Technology

Compliance, Meet Big Data

Or, how to settle a legal dispute in 35 seconds.
David RosenbaumJune 21, 2012

Carter Malone, vice president, compliance, at investment banker Crews & Associates, never leaves his desk, not even for lunch.

Malone’s job is to review the content and ensure the proper storage of all electronic communications that come in and out of Crews pursuant to Financial Industry Regulation Authority rules. “You have to retain electronic communications for six years at least,” says Malone. “And FINRA rules require that you review 20% of the communications. I average about 80%. I don’t want to miss something.”

According to a recent CFO report, FINRA regulators are paying closer attention to broker-dealers than ever before, even as the Commodity Futures Trading Commission is “cracking down on broker-dealer accounting policies.” The financial-services industry is intensely regulated, which is one reason why Malone is chained to his desk. The other is the sheer volume of information that streams across his screen.

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Before he came to Crews in 2004, Malone worked at a small firm with 18 employees. There, he simply accessed the company’s Exchange server and performed keyword searches for bad words. “For me,” he says, “a key word is guarantee. I don’t want to see that word. I can’t have a salesperson, a stock broker, use ‘guarantee’ in a communication. The other big word is ‘complaint.’ If we receive a complaint from a customer, the salesperson is not supposed to communicate with that customer. The rule says the complaint has to go to the salesperson’s supervisor and escalate to the compliance department.”

As for data retention, at his previous job that meant burning e-mails and other communications to a CD. “It wasn’t bad for 18 people,” says Malone, “but when you get to 200 employees like Crews, it wouldn’t be feasible.”

At Crews, which provides underwriting and financial-advisory services to public, private, and nonprofit debt issuers, among other banking services, Malone needed more sophisticated IT. Every morning he fires up ZL Technologies’s Unified Archive Compliance Manager tool and keeps it running all day, checking for noncompliant communications that run counter to company policies and could violate federal regulations.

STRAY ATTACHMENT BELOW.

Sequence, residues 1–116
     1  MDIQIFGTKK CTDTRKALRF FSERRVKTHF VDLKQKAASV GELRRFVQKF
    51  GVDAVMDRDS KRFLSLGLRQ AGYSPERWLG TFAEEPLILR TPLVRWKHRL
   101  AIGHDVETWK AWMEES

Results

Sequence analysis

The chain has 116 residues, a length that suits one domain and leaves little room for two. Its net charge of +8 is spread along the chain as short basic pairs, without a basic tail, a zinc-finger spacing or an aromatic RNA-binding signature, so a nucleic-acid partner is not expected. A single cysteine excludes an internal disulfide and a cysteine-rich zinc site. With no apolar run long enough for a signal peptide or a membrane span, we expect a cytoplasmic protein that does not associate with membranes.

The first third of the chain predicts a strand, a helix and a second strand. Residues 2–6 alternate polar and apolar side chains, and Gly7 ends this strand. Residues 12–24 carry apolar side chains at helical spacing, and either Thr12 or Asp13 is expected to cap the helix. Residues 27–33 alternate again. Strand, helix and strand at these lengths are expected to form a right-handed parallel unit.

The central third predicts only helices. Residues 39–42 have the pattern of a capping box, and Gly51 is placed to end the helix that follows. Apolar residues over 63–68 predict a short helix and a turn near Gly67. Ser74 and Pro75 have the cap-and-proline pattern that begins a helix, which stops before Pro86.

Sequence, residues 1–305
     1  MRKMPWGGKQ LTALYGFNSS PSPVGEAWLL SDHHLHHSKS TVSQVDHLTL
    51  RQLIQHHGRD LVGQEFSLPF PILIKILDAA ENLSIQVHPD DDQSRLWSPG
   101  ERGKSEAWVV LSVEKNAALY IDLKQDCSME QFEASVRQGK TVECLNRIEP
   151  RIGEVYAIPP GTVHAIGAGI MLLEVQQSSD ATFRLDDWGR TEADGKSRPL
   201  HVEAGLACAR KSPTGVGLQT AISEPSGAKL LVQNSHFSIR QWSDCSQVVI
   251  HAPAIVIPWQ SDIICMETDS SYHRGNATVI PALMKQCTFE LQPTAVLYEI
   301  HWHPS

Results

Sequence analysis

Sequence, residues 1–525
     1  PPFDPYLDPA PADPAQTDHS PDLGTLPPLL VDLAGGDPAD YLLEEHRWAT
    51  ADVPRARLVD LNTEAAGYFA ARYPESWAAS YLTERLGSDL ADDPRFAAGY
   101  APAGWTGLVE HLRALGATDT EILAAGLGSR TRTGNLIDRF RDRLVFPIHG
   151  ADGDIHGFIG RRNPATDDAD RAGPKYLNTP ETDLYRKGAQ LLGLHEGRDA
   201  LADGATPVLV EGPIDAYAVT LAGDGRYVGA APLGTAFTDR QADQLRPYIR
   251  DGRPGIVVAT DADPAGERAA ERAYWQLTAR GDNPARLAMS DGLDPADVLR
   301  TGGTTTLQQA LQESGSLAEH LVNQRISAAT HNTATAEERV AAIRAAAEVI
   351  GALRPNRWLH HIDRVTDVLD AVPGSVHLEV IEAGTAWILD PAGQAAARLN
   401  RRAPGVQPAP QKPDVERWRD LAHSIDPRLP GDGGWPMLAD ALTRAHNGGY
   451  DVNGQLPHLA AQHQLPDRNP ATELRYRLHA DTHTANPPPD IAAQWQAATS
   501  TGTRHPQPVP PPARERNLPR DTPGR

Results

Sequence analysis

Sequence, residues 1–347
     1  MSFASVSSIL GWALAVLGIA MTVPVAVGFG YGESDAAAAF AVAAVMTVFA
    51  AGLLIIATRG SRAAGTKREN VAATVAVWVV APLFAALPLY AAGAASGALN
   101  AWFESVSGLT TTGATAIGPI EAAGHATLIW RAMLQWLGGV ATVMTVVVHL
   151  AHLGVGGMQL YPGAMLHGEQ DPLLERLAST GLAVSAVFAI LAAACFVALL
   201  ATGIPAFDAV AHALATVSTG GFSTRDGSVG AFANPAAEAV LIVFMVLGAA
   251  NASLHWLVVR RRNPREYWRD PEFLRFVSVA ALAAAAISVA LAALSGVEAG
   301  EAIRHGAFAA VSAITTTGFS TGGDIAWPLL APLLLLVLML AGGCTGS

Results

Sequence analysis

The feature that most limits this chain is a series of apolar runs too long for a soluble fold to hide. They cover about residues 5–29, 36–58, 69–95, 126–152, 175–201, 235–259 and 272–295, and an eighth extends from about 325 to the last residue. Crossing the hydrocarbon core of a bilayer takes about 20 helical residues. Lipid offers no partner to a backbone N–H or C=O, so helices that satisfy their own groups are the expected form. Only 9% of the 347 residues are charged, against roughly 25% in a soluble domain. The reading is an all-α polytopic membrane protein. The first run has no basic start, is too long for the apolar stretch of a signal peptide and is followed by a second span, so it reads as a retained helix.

Malone doesn’t have to search for the bad words; the software extracts and highlights them. Using ZL’s eDiscovery product that goes beyond keyword searching into concept searching (which exposes patterns that could signal fraudulent intent, such as the misspellings spammers use to confound spam filters or the coded communications conspirators tend to employ), Malone vets about 8,000 e-mails a day.

“Businesses are struggling with surging volumes of content,” says Forrester principal analyst Brian Hill, much of it unstructured (such as Word documents, PDFs, e-mails, voice mails, video, and, increasingly, social-media inputs) and therefore inaccessible to traditional enterprise resource planning systems with their stored invoices and tables of numbers.

All that data, Hill says, can cause organizations to accumulate “digital landfills” that generate significant costs in storage, tax IT resources, degrade application performance, and clog up a company’s information pathways, creating knowledge-management tangles. “It’s difficult to access appropriate content,” he says, if your company’s information systems have become a digital dump site.